Personality (Part 1)

People inside the business world love personality tests. Whether it's Meyers & Briggs, DiSC, the Color Code, or another system, I believe corporations love these things because the task of human management becomes much less daunting if you can categorize all of your employees into four buckets. I believe that these systems have varying levels of merit and practicality to them. My intent in this post, however, is not to compare and contrast them, but to comment on a separate, simpler, and more ubiquitous personality profiling system.

In my working career, and ever since I have entered business school, I keep running across the phrase "Type A". When I first heard this in high school, I had no idea what it meant. Although I didn't formally learn about what "Type A" was until much later, I was able to take from context that it was used to refer to someone who was very driven, impatient, and outspoken. A natural leader. I eventually learned that there was another kind of person, "Type B", but no one ever really talked about them, and I didn't really know what they like.

In the mean time, I kept hearing people refer to themselves as Type A, as if it were some sort of badge of honor or medal that proved that they were cut out for business leadership. I started to get worried because I didn't feel like I had these "amazing" Type A qualities. I must be a Type B, whatever that was. At any rate, B was surely not as good as A, right? Just think of a report card.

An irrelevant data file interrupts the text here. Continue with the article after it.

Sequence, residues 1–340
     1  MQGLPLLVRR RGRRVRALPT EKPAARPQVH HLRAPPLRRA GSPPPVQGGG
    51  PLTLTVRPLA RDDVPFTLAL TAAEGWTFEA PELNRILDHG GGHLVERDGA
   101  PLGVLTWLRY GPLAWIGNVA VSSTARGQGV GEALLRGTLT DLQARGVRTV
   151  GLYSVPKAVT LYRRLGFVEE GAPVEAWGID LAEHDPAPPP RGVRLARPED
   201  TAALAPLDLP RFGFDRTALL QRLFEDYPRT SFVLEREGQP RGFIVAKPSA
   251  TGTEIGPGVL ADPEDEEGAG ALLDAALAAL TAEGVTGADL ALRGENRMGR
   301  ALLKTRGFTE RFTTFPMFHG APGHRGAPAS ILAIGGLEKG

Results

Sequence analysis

Then just two months ago, I was reading Daniel Pink's insightful book, Drive. In it, he explains that the origin of Type A/Type B was not even meant to describe business leadership attributes. Rather, it was invented by a couple of physicians (Meyer Friedman and Ray Rosenman) in the late 1950s to identify patients who were prone to heart disease. Type A's were found to have a set of complex personality traits, including "excessive competition drive, aggressiveness, impatience, and a harrying sense of time urgency".

Type B's, on the other hand, were found to be "just as intelligent, and frequently just as ambitious, as Type A's". They just expressed their ambition differently. I found this to be great news, because it validated that as a Type B, I was just as good as all of the Type A's out there.

But there was still the conflict of perception. In Part 2 of this post, I'll explain my conundrum of being a Type B in a Type A world, my inquiry to Dan Pink for his take, and the advice he gave me in return.